16:6 Miriam, who has toiled and labored extremely hard to benefit you. Mary; she has done much hard work with you. Miriam, who has toiled and labored extremely hard to beautify you

Notice how in several places, the Syriac does not provide much warrant for replacing or modifying the Greek text as it stands.

For example, in Romans 1:9, the Greek has the word “gospel”, but Simmons believes that this word “gospel” should be replaced by the Aramaic word “revelation”. However, as King’s translation shows, the word “gospel” is clearly there in the Syriac Peshiṭta (this can be confirmed by using these Peshitta tools at dukhrana.com). Hence there is no discernible reason from the Syriac (“Aramaic”) text why Simmons should make a point of replacing the word “gospel” with “revelation”. (For more on this see this article).

Furthermore, the whole rendering of the verse is a little strange and over-the-top. Here’s a slightly fuller comparison of Romans 1:9:

The Greek text from the NA28 critical edition: μάρτυς γάρ μού ἐστιν ὁ θεός, ᾧ λατρεύω ἐν τῷ πνεύματί μου ἐν τῷ εὐαγγελίῳ τοῦ υἱοῦ αὐτοῦ, ὡς ἀδιαλείπτως μνείαν ὑμῶν ποιοῦμαι

The ESV translation from the Greek: “For God is my witness, whom I serve with my spirit in the gospel of his Son, that without ceasing I mention you”

King’s translation of the Syriac (Aramaic) Peshiṭta: “God, whom I serve spiritually in the work of the gospel, is witness to how I remember you in my prayers constantly”

The passion translation from the Greek and the “Aramaic”: “And God knows that I pray for you continually and at all times. For I passionately serve and worship him with my spirit through the revelation of his Son.”

Notice here in particular the word “I serve”:

  • The Greek term (λατρεύω) refers to “the carrying out of religious duties, esp. of a cultic nature, by human beings” (BDAG).
  • Hence the ESV is right to render it “I serve”.
  • Furthermore, as King’s translation shows, the Syriac is clearly based on this Greek word – i.e. the Syriac gives no indication that there was any other original Greek word other than “I serve”. This can be confirmed by using these Peshitta tools at dukhrana.com and looking at the meaning of the Syriac term, which basically means “to serve” or “to perform ones function”.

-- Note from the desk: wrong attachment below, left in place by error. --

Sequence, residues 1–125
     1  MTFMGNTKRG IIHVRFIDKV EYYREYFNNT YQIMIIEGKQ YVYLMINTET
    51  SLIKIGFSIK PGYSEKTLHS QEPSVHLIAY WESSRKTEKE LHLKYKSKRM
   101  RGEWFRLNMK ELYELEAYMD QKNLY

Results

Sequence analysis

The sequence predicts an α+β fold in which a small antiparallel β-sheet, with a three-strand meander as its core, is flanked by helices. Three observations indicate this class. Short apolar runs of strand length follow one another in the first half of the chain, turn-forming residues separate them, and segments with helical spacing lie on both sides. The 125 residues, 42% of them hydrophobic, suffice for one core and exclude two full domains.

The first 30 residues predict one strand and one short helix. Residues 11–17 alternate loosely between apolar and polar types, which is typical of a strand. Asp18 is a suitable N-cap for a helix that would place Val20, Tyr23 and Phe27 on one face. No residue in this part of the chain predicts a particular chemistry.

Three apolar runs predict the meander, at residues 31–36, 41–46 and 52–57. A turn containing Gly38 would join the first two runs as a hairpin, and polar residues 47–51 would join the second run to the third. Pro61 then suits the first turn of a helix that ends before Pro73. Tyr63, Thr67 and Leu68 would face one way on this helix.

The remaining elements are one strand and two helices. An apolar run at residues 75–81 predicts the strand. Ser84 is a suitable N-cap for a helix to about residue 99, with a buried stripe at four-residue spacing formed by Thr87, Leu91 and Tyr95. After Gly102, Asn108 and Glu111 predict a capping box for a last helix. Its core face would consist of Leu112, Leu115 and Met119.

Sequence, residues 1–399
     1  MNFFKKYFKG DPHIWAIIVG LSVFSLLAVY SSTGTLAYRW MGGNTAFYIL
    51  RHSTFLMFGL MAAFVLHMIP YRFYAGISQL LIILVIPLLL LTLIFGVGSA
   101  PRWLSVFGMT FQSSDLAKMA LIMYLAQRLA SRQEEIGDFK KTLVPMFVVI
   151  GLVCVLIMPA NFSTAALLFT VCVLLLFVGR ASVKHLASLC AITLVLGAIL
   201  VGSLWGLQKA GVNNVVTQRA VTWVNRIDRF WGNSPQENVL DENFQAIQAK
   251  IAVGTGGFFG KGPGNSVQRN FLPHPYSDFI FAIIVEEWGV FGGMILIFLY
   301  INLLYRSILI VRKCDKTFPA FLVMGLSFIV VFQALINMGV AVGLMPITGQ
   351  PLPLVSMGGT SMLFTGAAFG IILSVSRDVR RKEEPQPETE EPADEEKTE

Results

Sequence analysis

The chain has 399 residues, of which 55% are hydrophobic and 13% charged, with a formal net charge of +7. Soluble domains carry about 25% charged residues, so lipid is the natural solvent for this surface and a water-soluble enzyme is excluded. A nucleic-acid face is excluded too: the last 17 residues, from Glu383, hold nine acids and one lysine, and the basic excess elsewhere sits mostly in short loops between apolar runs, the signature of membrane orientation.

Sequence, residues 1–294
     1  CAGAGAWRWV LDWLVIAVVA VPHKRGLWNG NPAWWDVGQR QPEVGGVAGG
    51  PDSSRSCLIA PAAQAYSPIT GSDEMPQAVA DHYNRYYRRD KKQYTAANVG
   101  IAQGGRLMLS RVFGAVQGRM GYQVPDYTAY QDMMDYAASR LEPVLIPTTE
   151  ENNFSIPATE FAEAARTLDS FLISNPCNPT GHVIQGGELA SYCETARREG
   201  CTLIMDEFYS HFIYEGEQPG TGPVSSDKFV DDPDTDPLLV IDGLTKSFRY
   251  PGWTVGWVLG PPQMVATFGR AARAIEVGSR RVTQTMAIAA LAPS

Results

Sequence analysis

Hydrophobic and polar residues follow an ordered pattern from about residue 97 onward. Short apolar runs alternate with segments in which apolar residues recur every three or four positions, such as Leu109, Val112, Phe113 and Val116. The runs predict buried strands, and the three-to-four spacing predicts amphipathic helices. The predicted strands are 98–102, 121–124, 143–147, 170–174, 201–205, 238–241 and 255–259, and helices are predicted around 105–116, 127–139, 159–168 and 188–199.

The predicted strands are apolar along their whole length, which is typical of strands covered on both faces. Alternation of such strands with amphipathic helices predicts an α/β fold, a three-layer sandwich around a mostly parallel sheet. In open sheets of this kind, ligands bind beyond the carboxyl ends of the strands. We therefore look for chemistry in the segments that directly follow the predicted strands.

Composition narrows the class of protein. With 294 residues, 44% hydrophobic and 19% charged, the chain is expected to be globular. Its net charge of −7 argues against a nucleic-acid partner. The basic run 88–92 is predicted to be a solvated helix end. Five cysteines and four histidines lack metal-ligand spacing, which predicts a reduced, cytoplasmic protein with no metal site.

• However, the passion translation has rendered the word “I serve” as “I passionately serve and worship”

Why has Simmons taken a word that means “serve” and turned it into “passionately serve and worship”? It is not because of the meaning of the Greek term. Nor is it because of the meaning of the Syriac (Aramaic) term that has been used to translate the Greek term. The only justification I can find comes from the translator’s introduction, in which Simmons states:

The goal of the Passion Translation is to reintroduce the passion and fire of the original, life-changing message of God’s Word for modern readers—not merely to convey the original, literal meaning of words, but also to express God’s passion for people and his world.

In other words–the Passion Translation is not actually a translation. It is not seeking to convey the original meaning, but it is deliberately seeking to add the concept of divine “passion”, even where it is not present in the original. And this is precisely what has happened here. There is no justification for adding “passionately” in Romans 1:9 (not from the Greek, nor even from the Aramaic) apart from the desire of the translator to find the idea of “passion”.

 

Conclusion: not a translation

So is this “Passion Translation” really a translation? In other words, is it “translated directly from the Greek and Aramaic texts”, as it claims on the title page and in the front matter? Well, in some places it’s a translation. But in other places, it’s highly questionable whether we should call it a “translation”. It reads more like a reflective paraphrase from Simmons, sometimes tightly based on the Greek text, at other significant places quite loosely based on the Greek text, occasionally using insights from the Syriac Peshiṭta, yet at other places having little discernible connection to the critical version of the Syriac Peshiṭta even in places claiming to be based on “the Aramaic”. It seems to add concepts to the biblical text that simply aren’t there in the original words–whether Greek or Syriac.